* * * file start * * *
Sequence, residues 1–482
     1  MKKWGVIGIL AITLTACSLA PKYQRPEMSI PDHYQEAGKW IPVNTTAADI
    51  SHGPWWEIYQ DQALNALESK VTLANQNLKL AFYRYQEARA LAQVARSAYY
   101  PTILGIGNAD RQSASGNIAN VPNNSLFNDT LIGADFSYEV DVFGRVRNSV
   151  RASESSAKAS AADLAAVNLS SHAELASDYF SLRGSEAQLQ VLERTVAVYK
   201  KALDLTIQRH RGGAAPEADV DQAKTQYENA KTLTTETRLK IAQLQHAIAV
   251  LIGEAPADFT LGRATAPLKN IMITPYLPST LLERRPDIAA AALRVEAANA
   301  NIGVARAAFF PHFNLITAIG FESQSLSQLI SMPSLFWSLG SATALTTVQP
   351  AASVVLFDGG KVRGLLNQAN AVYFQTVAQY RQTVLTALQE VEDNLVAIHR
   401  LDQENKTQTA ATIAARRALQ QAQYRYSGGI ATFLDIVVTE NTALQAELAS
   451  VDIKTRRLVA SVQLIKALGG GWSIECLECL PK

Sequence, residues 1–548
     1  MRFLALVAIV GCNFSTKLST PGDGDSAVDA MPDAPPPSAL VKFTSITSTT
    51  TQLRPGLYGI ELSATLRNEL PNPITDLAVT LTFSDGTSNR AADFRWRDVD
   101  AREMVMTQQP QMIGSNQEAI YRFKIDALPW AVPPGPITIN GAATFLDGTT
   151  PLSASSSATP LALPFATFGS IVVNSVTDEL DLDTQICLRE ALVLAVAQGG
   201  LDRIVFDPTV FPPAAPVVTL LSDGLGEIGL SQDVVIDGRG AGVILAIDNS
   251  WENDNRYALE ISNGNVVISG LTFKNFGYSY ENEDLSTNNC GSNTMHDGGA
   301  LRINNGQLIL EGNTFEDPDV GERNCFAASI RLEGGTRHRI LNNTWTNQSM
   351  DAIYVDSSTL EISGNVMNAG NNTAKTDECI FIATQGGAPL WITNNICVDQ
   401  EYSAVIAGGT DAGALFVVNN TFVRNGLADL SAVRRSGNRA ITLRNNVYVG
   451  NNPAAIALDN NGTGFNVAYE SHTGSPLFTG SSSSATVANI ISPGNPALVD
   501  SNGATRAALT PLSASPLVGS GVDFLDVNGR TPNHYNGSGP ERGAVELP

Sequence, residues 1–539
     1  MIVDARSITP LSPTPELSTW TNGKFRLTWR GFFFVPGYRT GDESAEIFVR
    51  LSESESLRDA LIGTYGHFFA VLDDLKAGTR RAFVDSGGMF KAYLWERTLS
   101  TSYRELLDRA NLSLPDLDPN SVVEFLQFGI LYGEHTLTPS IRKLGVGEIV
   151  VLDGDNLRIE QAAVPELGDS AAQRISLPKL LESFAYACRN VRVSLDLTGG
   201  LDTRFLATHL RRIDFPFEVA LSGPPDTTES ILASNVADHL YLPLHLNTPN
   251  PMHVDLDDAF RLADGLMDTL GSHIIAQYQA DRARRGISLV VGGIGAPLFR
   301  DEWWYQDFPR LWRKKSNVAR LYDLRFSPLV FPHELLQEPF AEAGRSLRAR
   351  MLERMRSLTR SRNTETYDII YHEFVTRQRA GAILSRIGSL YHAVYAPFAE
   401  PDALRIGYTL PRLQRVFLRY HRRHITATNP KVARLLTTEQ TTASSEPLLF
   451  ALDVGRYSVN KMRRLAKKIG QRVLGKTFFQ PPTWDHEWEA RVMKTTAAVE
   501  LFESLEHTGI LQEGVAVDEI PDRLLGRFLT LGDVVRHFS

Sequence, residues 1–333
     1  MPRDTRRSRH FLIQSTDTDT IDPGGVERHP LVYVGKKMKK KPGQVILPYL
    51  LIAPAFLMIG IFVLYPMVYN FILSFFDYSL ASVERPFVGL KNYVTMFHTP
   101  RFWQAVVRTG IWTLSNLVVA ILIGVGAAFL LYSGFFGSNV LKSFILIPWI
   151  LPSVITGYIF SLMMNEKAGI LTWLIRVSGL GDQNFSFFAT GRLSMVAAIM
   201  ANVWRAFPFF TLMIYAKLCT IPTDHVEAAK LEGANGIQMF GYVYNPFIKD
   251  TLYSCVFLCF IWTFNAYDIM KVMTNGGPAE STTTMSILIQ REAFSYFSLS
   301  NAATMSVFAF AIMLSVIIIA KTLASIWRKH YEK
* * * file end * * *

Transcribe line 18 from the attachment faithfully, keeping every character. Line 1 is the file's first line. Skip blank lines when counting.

   251  WENDNRYALE ISNGNVVISG LTFKNFGYSY ENEDLSTNNC GSNTMHDGGA